Secondhand Smoke: Most Kids with Asthma Exposed

A little girl breaths into the crook of her arm.
More than half of U.S. kids with asthma are exposed to secondhand smoke, a new report finds. (Image credit: Asthma photo via Shutterstock)

More than half of U.S. children with asthma are exposed to secondhand smoke, even though the substance is particularly harmful for kids with the condition, according to a new report.

Between 2007 and 2010, 54 percent of U.S. children ages 3 to 19 were exposed to secondhand smoke, according to the report from the Centers for Disease Control and Prevention. That percentage has changed little over the last decade, the report said.

But there is some good news: the percentage of U.S. children without asthma exposed to secondhand smoke has decreased over the last 10 years, from 57 percent in 1999, to 44 percent in 2010, the report said.

Exposure to secondhand smoke is known to increase children's risk of developing asthma. Secondhand smoke exposure can also make symptoms worse for those who already have asthma. [See 9 Weirdest Allergies]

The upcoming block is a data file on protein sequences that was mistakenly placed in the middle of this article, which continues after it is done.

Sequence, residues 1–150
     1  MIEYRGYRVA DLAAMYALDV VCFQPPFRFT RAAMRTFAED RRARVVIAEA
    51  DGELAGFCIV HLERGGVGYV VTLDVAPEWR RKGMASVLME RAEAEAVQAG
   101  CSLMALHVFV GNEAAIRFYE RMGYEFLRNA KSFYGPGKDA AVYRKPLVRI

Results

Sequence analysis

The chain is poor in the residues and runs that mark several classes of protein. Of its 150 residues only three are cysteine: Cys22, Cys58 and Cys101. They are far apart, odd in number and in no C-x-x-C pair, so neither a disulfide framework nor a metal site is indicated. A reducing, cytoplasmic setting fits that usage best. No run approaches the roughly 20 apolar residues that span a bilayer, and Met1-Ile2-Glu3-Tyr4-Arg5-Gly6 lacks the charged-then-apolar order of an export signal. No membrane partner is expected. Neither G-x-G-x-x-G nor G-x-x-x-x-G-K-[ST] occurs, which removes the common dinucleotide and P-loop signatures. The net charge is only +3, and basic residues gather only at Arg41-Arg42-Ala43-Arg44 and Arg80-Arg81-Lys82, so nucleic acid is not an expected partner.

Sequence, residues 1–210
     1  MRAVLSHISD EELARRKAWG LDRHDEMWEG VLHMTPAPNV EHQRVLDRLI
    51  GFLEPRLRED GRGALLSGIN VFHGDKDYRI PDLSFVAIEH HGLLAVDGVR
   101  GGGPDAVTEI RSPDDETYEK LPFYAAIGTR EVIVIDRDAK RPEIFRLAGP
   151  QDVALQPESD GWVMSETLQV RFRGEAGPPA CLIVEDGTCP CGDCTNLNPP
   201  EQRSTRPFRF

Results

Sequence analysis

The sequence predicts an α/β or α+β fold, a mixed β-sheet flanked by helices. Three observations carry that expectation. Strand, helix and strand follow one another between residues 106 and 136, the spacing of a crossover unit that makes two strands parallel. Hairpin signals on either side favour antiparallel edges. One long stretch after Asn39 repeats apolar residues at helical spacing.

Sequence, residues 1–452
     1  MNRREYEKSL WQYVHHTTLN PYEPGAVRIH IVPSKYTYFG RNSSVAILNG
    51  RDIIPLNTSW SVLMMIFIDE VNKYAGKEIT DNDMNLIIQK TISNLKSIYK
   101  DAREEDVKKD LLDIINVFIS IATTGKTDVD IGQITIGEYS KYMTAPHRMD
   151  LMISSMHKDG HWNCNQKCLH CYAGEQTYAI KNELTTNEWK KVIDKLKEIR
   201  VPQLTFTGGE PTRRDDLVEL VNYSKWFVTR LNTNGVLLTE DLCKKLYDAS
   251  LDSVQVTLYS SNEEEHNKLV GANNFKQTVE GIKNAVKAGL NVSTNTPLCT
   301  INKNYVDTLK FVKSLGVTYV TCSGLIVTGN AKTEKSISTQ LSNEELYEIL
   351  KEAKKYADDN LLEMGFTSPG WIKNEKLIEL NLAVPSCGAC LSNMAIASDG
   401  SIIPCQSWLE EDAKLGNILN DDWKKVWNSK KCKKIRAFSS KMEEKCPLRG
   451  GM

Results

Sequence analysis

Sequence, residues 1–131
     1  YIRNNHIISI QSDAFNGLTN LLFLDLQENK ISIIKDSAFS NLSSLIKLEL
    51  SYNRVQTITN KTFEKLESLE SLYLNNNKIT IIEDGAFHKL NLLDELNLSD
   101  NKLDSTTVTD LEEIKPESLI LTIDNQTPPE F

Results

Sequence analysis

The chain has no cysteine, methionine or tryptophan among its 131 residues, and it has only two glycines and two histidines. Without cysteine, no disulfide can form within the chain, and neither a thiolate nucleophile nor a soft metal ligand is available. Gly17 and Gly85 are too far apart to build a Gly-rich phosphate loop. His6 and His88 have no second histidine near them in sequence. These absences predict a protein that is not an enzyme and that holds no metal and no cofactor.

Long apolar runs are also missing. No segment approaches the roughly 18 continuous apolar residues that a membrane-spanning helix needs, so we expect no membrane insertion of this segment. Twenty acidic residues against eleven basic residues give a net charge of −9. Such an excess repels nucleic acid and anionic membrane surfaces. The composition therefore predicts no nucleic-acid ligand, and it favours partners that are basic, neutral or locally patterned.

For children in this study, the report cannot determine which came first: asthma development, or exposure to secondhand smoke, said study researcher Kenneth Quinto, an epidemiology researcher at the CDC's National Center for Health Statistics.

The researchers analyzed children’s blood samples, looking for cotinine, a breakdown product of nicotine that is used as a marker for secondhand smoke exposure. They could not determine where children were exposed to secondhand smoke (whether it was in the home, or a public place), but studies suggest children are more often exposed to secondhand smoke in the home, Quinto said.

Children with asthma are “an especially vulnerable population that we need to protect going forward,” Quinto said.

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Rachael Rettner

Rachael is a Live Science contributor, and was a former channel editor and senior writer for Live Science between 2010 and 2022. She has a master's degree in journalism from New York University's Science, Health and Environmental Reporting Program. She also holds a B.S. in molecular biology and an M.S. in biology from the University of California, San Diego. Her work has appeared in Scienceline, The Washington Post and Scientific American.